When the future is uncertain, be prepared for anything.

When COVID-19 arrived in the UK in January, life turned upside-down. Around the world, the coronavirus brought national economies to a staggering halt, with economists agreeing that a global recession is seemingly inevitable. That appears to be starting at home, as the UK has officially fallen into a recession for the first time in 11 years.

The economy shrunk by 20.4 per cent in three months ‒ the largest quarterly plummet on record. In the first half of 2020, the UK took the largest economic plunge of any other G7 country. As Chancellor of the Exchequer Rishi Sunak simply put it, the 'figures confirm that hard times are here'.

With businesses forced to close and consumers spending less, this economic downturn has come as no surprise. That doesn't negate its significance, however. The number of unemployed workers ‒ which has risen to the hundreds of thousandths during lockdown ‒ is only expected to grow.

So what does that mean for you?

If you have concerns about the status of your job ‒ or if you have already been made redundant ‒ your first step should be to recession-proof your CV so that you're ready to apply for positions during this challenging economic environment. The jobs market is becoming even more competitive. Luckily, we have some tips on building a strong CV which will help you set yourself apart from other applicants and survive the economic downturn.

Focus on your achievements

A well-written CV is much more than a dry list of responsibilities. It's absolutely vital to include what you've achieved in every role. This will show a potential employer not just what you did, but how well you did it. It makes it easy for them to understand how you've added value in previous jobs and therefore predict the impact you are likely to have on their company. Explain precisely how you increased revenue, improved efficiency, resolved an ongoing problem or – most importantly during a downturn – saved money. Which brings us to:

Quantify your successes

Saying that you achieved something is all well and good, but proving it is even better. Putting concrete figures against your claims shows that you understand the impact you had on the wider business and instantly makes the claims more credible. To truly recession-proof your CV, quantify your success in cold, hard pounds – for example: reduced production costs by £25,000 per year or increased profitability by £10K per month. If you held a budget, you should also state the size of your budget.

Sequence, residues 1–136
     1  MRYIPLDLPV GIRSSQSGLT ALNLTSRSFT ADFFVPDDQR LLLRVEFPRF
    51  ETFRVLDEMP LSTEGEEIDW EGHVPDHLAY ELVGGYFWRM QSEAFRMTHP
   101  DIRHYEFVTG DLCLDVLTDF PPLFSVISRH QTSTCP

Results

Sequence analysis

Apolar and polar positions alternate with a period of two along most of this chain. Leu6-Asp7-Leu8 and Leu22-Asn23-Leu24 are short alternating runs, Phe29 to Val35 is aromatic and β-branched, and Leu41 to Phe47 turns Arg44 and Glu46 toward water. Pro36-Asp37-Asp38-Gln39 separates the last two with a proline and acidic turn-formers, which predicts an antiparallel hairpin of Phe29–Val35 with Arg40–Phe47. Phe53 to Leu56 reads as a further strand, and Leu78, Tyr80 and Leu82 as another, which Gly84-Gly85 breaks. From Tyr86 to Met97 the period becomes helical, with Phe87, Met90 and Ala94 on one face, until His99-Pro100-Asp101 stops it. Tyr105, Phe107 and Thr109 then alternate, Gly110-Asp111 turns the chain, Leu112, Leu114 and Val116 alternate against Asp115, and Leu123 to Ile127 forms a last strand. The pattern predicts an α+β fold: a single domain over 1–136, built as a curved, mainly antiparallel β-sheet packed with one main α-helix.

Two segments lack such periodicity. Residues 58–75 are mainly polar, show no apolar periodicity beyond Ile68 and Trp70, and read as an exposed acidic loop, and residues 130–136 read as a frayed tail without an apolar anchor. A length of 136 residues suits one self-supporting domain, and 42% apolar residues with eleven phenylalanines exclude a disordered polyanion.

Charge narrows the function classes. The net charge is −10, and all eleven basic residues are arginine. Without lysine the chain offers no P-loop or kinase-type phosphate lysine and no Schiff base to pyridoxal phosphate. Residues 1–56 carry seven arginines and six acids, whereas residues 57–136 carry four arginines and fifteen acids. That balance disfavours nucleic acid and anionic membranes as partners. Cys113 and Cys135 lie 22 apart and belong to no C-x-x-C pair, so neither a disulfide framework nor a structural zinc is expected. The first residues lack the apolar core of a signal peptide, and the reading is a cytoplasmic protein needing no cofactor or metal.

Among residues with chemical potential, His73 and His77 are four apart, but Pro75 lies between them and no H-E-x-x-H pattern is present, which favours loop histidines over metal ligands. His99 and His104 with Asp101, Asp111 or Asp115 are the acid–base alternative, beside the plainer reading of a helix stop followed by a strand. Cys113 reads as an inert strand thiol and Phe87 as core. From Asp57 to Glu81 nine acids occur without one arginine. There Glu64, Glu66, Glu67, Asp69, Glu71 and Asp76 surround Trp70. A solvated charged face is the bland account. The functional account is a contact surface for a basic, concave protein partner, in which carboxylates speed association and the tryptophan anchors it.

Demonstrate your hard skills

During an economic downturn, companies need to recruit staff who can hit the ground running. Time and money spent training a new recruit could be invested more profitably elsewhere in the business, so show that you have the hard skills necessary to make an impact from day one. Ensure that your CV captures all the requirements of the job advert, as well as keywords relating to your particular role or industry. Time spent researching similar roles on job boards or LinkedIn can pay dividends here. If you can show that you have the right industry knowledge and professional skills, you've already ticked some of the most important boxes.

Keep it concise

As we've mentioned, HR managers will likely have a lot of CVs to wade through. Rather than presenting them with pages of long, waffly paragraphs, use bullet points and aim to keep them to a maximum of two lines each. This will force you to write concisely and focus on the key points you need to convey, whilst making it easy for an HR manager to scan. As a general rule, two pages is long enough for most CVs. If you find yourself writing more than this, you need to be more ruthless in cutting out unnecessary words and focussing on what really matters.

Stand out

Standing out doesn't mean writing your CV in a pink font and inserting graphics at every opportunity (please don't do that!), but rather giving the reader a break from the same old phrases. Enthusiastic team player with good communication skills? Bye-bye. Writing a CV that looks like you've swallowed the dictionary of CV vocabulary won't impress anyone, and it's certainly neither creative nor setting you apart from any of the other candidates.

Don't generalise

Concentrate on what you do best, what makes you different and what your unique selling point is. If you have a few different types of jobs in mind, tailor your CV to fit each potential role you submit for rather than trying to capture everything in one document. Otherwise, you'll look like a Jack of All Trades and Master of None; recruiters will struggle to see your area of expertise and you'll come across as rather unfocussed and therefore not as committed to progressing your career in the specific role they're looking to fill.

Echo the advert or company website

Use the same vocabulary that you see in the job advert and on the company website. That's not to say you should copy and paste whole chunks of text verbatim, but if they're looking for someone with experience in hotels and restaurants, then make sure you include those two words – don't just say you have experience in hospitality. The same goes for the company ethos or values – try to include examples of when you've exhibited those behaviours and echo the language as far as is appropriate. When competition is high, you can give yourself an advantage by showing how you will fit into the company and align with their precise requirements.


As the economy that's a downturn, following these steps will help you be equipped with a strong CV to assure your next career move and position you head-and-shoulders above other candidates. Stay healthy, and good luck in your job search.

No matter the state of the economy, the state of your CV should always be strong. Submit for a free CV evaluation and we'll tell you if your CV is recession-ready.

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